# by Kassie Smith

### Does your result hold only for acute triangles?

Before we start to define the angles of triangle LMN in terms of the angles A, B, and C, we will first consider what we are looking at and what we will need to use. We have two triangles whose vertices lie on the circumcircle of triangle ABC. Because the circumcircle of triangle ABC goes through the vertices of the triangle and triangle LMN was defined by the intersection of angle bisectors and the circumcircle, we are working with inscribed angles. Let us review inscribed angles. We discussed inscribed angles in the context of the football field problem in assignment 5. Inscribed angles are angles that are formed by two chords with a common endpoint, the vertex of the angle, on the circumference of the circle. The measure of this angle is half of the arc that the angle intercepts. For example, in the diagram above, the measure of angle ABC is half of the measure of arc AMC or the measure of arc AMC is twice the measure of angle ABC. In order to complete this problem and define the angles N, M, and L in terms of angles A, B, and C, this idea will be used repeatedly. Moreover, since we took the angle bisectors of angles A, B, and C, we also bisected the intercepted arcs of those angles. So, for example, the measure of the intercepted arc of angle BNC is half the measure of the intercepted arc of angle C, arc BNA.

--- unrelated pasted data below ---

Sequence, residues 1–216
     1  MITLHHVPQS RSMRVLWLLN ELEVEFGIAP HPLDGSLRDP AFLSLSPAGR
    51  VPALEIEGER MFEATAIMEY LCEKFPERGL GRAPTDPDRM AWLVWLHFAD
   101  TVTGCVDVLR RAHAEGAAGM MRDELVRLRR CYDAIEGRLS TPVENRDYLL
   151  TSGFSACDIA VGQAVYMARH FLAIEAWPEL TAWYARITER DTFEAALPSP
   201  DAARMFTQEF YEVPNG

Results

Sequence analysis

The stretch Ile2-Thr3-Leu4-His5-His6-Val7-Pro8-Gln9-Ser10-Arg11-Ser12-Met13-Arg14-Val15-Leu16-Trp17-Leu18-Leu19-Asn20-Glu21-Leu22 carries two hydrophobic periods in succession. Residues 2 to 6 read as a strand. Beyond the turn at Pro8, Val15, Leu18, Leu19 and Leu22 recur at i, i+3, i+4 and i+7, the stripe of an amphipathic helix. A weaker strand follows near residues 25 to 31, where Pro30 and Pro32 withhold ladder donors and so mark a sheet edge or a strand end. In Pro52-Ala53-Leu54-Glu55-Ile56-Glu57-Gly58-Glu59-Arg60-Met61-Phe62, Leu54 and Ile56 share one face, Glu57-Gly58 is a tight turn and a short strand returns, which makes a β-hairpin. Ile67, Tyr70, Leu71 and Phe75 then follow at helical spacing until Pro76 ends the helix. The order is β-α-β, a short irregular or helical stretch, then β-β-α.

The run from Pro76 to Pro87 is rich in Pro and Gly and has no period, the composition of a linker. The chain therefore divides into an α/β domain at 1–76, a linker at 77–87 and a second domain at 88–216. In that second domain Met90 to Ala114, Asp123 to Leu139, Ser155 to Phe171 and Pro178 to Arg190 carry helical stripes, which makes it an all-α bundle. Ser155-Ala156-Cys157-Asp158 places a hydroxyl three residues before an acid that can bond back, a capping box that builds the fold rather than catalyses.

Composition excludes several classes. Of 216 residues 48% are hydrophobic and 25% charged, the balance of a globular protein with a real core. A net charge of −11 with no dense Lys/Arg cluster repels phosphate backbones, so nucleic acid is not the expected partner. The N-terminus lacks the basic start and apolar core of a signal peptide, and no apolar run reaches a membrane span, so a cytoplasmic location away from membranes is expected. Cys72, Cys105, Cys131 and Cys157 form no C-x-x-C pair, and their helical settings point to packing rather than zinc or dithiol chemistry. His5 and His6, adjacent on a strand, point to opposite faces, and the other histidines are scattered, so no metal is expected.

Lastly, as long as two inscribed angles share the same intercepted arc, the angles are equal.

Below is a diagram with the angles measured by the capabilities of the GSP software. I placed the measure of each angle on the arc that that angle intercepts. So the measure of the intercepted arc will be twice the measure of the inscribed angle. Using this diagram and the labeling of it, we are able to see how to define the angles L, M, and N in terms of angles A, B, and C.

Let's first look at angle A. Again, the blue dotted lines are angle bisectors so angle CAL is congruent to angle LAB. But the intercepted arc of angle CAL is the same as the intercepted arc of angle CNL. And the intercepted arc of angle LAB is the same as the intercepted arc of LMN. And as we talked about earlier, since the intercepted arcs are the same, these angles must be the same. This can be repeated multiple times for all the different angles and intercepted arcs.

So we get that A + B = N.

And A + C = M.

And B + C = L.

But does this only hold for acute triangles??

Here is an example with an obtuse triangle.

And an example with a right isosceles triangle.

In each of these cases, our relationship between angles A, B, and C and angles L, M, and N still holds true.

A + B = N

A + C = M

B + C = L

Note the relationship between the algebraic and geometric representations. The angles at the intersection of the angle bisectors and the circumcircle (angles L, M, and N) are found by taking half of the angles on each side of the that angle.

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